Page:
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hoserama99

Atari 800 12V DC adapter problem

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Hi all, I'm not an electronics expert by any stretch so I'm hoping for some guidance.

 

If someone plugged a 12V *DC* adapter into a beige Atari 800, what are the odds of lasting damage to the computer? I'm talking to a seller who said they plugged it in, saw the red light briefly turn on then nothing.

 

Going on just that little bit of info, I'm trying to figure out if it's worth my while to take a gamble that the computer is still OK.

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More than likely the damage will be limited to the power supply section in the Atari's case. I would look for a decent discount and repair or replace the power board in the Atari...

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Believe it or not, it might actually be okay if they didn't leave it on very long. Of course, the seller could be lying. 

 

In my experience, it's worse to plug an AC power supply into something expecting DC - sparks and hilarity can ensue. Don't ask me how I know that ... 🙄 

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Yeah - usually passing DC through an AC device will create some heat, but not do immediate damage.  The DC passes through half of the full-wave rectifier creating heat in those 2 diodes, but that should really be about it.

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Thanks guys - I appreciate the risk analysis!

 

I actually advised the seller to plug it in and see if it powered up. It's only when he told me the result that I looked closer at the picture of the power adapter and realized it was completely wrong for the A800.

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8 minutes ago, Stephen said:

Yeah - usually passing DC through an AC device will create some heat, but not do immediate damage.  The DC passes through half of the full-wave rectifier creating heat in those 2 diodes, but that should really be about it.

correct, it heats up and handles full duty and magnitudes more current (more than twice) as it has no waveform and only passes through half the rectifier. That normally cooks the rectifiers or diodes...

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1 hour ago, hoserama99 said:

Thanks guys - I appreciate the risk analysis!

 

I actually advised the seller to plug it in and see if it powered up. It's only when he told me the result that I looked closer at the picture of the power adapter and realized it was completely wrong for the A800. 

 

Yes this is why it's not good to ask a seller to power on an old computer or device.  If the seller doesn't know the A8 platform but says "it powers on I see the light" that's actually a bad thing to me as a buyer. That lowers the value.  He/she could have damaged it at that moment.  Now if the auction photos show the correct power supply then that's better but never have I seen a seller say "First I verified the correct voltage from the power supply using a volt meter, then tried powering it on."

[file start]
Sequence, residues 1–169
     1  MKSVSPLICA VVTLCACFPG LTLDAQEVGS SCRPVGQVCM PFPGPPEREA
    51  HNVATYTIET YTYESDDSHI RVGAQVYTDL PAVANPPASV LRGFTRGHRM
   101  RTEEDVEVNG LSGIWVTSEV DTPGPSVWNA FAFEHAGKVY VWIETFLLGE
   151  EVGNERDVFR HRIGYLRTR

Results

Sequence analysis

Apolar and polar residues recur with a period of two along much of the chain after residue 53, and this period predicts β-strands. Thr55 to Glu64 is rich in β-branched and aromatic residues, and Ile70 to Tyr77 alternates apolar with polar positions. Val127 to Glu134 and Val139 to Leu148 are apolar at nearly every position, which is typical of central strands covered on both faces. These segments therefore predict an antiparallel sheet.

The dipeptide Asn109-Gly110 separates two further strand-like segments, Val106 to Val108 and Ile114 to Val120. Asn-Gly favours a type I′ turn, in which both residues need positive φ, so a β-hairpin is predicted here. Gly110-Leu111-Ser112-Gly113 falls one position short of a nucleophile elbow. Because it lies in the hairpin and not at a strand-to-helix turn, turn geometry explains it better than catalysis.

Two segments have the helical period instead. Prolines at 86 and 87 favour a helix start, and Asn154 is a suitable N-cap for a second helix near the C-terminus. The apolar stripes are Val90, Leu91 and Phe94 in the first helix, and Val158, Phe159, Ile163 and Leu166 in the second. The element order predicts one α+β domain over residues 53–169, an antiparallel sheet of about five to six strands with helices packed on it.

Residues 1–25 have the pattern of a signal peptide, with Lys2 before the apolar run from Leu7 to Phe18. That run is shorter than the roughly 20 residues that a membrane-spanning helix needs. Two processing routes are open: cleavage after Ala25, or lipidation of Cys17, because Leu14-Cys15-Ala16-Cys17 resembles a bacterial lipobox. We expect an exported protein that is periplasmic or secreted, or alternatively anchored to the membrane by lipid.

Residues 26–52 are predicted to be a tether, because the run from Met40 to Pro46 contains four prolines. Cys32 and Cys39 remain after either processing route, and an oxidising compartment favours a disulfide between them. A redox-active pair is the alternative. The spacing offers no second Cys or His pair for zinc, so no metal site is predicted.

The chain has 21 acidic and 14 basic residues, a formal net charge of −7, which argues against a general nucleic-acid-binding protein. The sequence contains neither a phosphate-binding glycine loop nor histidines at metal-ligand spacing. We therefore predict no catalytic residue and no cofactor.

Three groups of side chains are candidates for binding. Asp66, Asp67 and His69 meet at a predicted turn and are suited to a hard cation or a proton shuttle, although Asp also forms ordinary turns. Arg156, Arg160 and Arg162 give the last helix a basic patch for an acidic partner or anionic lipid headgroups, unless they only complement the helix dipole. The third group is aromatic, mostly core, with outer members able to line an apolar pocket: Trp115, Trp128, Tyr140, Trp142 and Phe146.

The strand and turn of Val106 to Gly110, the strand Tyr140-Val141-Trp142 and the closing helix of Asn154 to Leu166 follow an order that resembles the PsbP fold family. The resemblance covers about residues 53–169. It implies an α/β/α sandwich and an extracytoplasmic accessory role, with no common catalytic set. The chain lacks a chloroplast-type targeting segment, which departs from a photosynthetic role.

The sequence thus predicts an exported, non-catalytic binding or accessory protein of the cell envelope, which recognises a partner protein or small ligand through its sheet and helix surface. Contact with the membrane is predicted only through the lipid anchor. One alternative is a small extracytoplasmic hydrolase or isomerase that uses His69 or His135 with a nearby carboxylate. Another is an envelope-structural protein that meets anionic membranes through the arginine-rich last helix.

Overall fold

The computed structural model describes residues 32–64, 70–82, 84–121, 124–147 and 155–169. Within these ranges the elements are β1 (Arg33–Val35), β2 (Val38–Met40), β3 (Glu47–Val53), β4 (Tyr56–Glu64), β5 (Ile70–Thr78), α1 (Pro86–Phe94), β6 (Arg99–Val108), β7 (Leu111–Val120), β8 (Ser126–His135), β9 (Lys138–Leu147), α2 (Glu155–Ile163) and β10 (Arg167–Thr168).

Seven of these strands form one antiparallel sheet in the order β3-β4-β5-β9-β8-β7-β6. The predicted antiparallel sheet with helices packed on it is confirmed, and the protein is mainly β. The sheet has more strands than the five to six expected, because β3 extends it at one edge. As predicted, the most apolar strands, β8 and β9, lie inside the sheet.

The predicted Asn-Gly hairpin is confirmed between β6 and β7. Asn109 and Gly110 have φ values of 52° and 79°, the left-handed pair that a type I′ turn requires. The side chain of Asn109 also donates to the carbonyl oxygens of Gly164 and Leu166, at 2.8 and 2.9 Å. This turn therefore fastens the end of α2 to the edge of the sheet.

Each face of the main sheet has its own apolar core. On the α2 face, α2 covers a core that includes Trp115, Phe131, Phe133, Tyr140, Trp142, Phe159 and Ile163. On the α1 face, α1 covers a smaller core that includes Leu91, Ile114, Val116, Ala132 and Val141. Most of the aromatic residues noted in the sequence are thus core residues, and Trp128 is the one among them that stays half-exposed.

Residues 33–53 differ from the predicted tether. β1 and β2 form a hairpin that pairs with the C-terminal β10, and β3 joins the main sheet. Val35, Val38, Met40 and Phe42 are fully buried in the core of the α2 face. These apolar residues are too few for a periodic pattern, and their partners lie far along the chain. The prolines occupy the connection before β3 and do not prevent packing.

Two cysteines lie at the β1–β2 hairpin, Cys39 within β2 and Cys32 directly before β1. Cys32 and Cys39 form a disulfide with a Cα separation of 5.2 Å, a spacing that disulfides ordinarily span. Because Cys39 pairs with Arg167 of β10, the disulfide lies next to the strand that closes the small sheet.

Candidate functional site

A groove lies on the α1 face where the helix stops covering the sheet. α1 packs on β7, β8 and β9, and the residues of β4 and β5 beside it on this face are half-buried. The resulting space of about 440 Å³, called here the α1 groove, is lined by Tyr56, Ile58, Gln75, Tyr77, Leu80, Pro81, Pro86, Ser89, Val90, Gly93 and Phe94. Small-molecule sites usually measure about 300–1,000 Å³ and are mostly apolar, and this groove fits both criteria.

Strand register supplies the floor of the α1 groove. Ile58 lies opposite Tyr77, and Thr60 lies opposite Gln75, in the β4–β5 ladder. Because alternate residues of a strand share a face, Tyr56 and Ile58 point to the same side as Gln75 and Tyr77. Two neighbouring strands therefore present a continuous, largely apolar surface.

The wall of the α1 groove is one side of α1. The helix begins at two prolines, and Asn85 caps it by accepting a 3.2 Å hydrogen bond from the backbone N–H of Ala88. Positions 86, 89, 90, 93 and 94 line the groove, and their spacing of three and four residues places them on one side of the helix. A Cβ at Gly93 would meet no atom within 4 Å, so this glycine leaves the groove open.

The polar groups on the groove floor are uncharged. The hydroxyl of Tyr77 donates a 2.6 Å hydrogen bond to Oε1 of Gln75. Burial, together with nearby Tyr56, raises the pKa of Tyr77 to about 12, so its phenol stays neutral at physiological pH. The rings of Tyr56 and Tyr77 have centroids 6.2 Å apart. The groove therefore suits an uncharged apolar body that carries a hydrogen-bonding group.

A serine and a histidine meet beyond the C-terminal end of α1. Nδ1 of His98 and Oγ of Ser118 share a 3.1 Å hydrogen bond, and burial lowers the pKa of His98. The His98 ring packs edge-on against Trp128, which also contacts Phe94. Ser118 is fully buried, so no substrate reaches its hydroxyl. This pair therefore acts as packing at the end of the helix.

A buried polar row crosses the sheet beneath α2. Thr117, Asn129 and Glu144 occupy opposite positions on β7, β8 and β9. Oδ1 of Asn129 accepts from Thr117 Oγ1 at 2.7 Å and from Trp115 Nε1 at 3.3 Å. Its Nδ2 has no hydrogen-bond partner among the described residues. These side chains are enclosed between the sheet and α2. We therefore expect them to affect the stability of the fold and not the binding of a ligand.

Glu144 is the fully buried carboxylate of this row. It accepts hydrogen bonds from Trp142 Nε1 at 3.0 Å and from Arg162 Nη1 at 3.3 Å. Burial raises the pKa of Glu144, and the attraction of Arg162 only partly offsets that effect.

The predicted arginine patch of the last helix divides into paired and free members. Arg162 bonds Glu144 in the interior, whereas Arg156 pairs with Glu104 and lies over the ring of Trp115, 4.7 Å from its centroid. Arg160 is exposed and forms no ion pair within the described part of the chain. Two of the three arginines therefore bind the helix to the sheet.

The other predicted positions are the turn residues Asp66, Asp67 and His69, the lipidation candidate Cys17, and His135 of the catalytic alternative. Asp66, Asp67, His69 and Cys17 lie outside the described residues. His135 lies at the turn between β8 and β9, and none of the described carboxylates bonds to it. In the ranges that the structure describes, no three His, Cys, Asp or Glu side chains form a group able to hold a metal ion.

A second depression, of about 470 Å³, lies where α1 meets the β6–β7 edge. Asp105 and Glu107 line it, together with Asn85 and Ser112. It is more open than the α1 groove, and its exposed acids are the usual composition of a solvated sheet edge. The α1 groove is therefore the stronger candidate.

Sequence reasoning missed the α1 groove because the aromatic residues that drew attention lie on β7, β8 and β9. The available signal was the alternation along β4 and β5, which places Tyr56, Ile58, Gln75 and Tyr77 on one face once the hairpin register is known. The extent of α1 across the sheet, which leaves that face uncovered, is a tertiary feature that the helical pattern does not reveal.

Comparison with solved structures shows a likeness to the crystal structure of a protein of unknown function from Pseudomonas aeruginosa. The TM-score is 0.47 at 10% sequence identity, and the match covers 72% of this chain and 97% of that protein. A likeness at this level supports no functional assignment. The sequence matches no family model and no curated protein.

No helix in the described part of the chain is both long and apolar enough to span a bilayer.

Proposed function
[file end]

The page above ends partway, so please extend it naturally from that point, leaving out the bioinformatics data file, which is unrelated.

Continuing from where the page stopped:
Much more important is to ask the seller to use a lot of bubble wrap or excess padding to keep it from breaking in transit. Every. Single. Time.  Sometimes I even offer, before they ship it, extra shipping compensation if it arrives safely. This is especially important for 800's which have such fragile cases with a heavy block inside. The very thought of an 800 breaking in shipping is worth preventing with an offer of an extra $10 to $20 to the seller if it arrives safely and was packaged well.

 

 

Edited by Sugarland
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Those are all great points. If I'm being honest with myself, I think there's a chance I also would have attempted to power it on with the adapter that was offered, without first verifying it. I'll definitely ask for extra bubble wrap and hope for the best. I've never owned an 800 so I'm not fully aware of how heavy or fragile it is. I've got a 400 that seems pretty solid and kinda light, so I assumed the 800 was similar.

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1 hour ago, hoserama99 said:

Those are all great points. If I'm being honest with myself, I think there's a chance I also would have attempted to power it on with the adapter that was offered, without first verifying it. I'll definitely ask for extra bubble wrap and hope for the best. I've never owned an 800 so I'm not fully aware of how heavy or fragile it is. I've got a 400 that seems pretty solid and kinda light, so I assumed the 800 was similar.

Probably not a danger in your case as the PSU is not the right type anyhow, but always be sure to have the PSU bubble-wrapped separately and secured. I had a 400 case completely smashed beyond repair by a PSU separated from the unit by a few balls of newspaper. That old plastic is brittle and all those large grilles are easy to break and hard if not impossible to glue together. 

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1 hour ago, slx said:

Probably not a danger in your case as the PSU is not the right type anyhow, but always be sure to have the PSU bubble-wrapped separately and secured. I had a 400 case completely smashed beyond repair by a PSU separated from the unit by a few balls of newspaper. That old plastic is brittle and all those large grilles are easy to break and hard if not impossible to glue together. 

Yeah, I actually asked the guy to toss the PSU and ship just the computer to try and be safe. I don't know if I would have considered any of this before this thread so it's been very helpful advice.

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The DC power supply would have been great for perhaps an indus drive, or 5200 etc. depending on the supply block.